The Spanish Society for Family and Community Medicine (FYC) and the Coalition for Citizens with Chronic Illnesses has setup a service for Spanish teenagers to virtually visit a real doctor in Second Life, the 3D online virtual world. The goal is to provide a space where embarrassing issues can be raised in privacy, without the blushing of a face to face consultation.
These services and projects will play a more than important role in the future of medicine. It’s not a big deal to predict more and more patients will choose the web to communicate with their physicians. What do you think? Is it a correct perspective regarding the patient-doctor relationship?
In one of my recent posts, I talked about the long tail phenomenon in healthcare and mentioned that:
There are so many sites and services in a lot of different categories (medical videos; medical search engines or patient community sites) and only a minority of them will survive. Even if some of us will fail, this is a good tendency as it leads to quality services.
I think relatively smaller (at least for now), but useful services focusing on different aspects of medicine should work together. And look what happenned now:
Ozmosis, the physician-only online community dedicated to knowledge sharing and discovery, has announced its partnership with The Doctor’s Channel, an online resource providing medical information through streaming video.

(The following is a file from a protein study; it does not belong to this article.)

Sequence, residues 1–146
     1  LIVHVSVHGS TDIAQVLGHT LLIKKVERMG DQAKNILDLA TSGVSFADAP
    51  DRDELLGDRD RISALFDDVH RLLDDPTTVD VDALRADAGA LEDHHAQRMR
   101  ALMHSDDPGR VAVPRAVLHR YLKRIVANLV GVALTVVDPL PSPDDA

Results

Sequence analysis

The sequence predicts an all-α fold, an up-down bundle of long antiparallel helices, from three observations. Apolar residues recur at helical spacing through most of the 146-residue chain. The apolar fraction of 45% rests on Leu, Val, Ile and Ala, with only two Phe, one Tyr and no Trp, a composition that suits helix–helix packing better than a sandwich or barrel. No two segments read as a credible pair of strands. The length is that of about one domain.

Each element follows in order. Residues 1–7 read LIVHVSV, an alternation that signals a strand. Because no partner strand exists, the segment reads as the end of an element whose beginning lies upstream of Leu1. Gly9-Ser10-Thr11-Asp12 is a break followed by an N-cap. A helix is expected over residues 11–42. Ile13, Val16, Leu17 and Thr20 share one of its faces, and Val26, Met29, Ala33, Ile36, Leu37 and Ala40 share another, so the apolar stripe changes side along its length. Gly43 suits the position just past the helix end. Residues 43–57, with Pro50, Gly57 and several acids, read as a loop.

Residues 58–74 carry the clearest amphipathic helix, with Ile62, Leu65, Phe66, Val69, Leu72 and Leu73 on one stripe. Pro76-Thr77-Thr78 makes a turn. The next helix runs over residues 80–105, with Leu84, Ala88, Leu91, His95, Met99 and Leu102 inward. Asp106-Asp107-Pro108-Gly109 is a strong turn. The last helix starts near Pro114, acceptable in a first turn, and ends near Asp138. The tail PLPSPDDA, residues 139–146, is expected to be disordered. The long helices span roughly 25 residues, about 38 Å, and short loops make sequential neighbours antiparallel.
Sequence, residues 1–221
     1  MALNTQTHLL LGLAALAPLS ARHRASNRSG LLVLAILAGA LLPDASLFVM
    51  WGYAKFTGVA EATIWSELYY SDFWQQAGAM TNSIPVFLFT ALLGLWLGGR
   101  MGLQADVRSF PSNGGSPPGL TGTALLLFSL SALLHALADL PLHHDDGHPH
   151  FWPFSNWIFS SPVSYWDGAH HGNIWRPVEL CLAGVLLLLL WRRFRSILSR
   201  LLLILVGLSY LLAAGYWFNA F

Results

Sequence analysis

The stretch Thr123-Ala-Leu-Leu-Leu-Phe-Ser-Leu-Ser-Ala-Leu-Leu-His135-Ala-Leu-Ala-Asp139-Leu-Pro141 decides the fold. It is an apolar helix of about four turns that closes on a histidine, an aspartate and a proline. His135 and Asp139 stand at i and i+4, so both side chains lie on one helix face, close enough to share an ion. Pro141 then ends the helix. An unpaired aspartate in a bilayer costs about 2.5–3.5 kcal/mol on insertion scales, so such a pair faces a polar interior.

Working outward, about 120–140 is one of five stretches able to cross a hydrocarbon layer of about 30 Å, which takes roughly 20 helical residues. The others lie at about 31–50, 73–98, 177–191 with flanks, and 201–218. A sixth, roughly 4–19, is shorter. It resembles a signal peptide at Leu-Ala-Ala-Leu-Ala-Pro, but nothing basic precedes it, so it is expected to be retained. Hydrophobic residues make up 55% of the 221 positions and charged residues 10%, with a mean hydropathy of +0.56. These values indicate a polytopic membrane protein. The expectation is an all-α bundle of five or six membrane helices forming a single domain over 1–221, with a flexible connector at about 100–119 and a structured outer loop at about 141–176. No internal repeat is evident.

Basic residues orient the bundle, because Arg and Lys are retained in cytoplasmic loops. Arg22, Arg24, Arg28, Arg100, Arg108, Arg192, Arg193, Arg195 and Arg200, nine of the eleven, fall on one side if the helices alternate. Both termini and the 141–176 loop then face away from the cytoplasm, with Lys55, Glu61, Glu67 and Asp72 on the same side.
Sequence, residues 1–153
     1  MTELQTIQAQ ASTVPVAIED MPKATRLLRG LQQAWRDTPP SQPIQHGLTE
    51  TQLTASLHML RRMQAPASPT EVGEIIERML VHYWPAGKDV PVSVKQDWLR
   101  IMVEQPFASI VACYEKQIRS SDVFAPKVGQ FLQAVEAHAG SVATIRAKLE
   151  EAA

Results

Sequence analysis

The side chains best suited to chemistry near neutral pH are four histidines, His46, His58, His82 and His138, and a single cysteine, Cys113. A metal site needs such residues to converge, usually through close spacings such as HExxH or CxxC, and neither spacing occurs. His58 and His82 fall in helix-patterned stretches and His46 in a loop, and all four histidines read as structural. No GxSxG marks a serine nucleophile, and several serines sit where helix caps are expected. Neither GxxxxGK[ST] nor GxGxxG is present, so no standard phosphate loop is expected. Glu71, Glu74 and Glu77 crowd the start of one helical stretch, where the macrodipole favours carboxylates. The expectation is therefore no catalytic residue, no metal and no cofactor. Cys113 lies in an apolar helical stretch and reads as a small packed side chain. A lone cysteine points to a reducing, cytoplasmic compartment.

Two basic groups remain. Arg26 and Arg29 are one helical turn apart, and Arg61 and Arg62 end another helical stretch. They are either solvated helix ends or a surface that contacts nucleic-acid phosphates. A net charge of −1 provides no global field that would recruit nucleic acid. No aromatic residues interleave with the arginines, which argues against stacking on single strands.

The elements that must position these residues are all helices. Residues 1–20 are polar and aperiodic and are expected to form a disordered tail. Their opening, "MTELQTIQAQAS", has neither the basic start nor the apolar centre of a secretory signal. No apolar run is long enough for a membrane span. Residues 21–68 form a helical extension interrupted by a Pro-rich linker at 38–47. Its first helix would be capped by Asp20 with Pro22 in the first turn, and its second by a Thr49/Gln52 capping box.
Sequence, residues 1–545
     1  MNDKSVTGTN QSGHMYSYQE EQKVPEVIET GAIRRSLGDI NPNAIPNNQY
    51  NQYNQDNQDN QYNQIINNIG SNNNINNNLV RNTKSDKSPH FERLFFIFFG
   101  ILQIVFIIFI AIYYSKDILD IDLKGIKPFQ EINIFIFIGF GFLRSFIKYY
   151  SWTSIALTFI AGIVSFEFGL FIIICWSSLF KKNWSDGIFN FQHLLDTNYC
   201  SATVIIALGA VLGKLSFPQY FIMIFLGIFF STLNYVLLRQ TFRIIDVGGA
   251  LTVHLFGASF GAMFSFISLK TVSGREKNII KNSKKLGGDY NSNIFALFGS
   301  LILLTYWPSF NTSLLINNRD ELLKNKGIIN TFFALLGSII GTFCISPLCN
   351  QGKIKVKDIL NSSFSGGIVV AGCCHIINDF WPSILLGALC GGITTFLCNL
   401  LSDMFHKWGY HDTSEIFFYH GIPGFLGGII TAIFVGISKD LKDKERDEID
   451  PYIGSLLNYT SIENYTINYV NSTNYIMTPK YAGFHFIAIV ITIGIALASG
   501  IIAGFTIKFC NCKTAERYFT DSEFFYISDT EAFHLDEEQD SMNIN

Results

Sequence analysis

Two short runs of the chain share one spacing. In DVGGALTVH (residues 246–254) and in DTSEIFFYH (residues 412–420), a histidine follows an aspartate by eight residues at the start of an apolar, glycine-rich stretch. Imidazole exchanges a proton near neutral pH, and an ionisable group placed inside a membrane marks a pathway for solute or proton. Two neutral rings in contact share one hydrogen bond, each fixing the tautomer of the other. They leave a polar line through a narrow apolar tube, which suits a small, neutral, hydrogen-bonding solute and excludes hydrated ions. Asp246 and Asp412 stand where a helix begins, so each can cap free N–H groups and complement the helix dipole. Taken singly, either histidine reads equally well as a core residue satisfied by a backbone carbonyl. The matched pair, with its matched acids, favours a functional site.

Through the partnership, The Doctor’s Channel, described as an “educational YouTube for doctors” by CNBC, will provide Ozmosis with two-minute educational videos covering practice management and clinical issues across more than 35 medical specialties. Since physicians learn best by interacting with each other, Ozmosis, in turn, will provide Doctor’s Channel members with the online tools to discuss each video and share related experiences through “physicians only” forums.
Recently, Ozmosis hosted a Doctors Channel video on the influenza surveillance report from the Centers for Disease Control and Prevention (CDC). The video expanded and illuminated the Ozmosis physician discussion on the current status of the flu epidemic. By combining the video insights offered through The Doctors Channel with the broad experiences and commentary of Ozmosis community members, physicians had speedy access to timely, accurate and reliable medical information.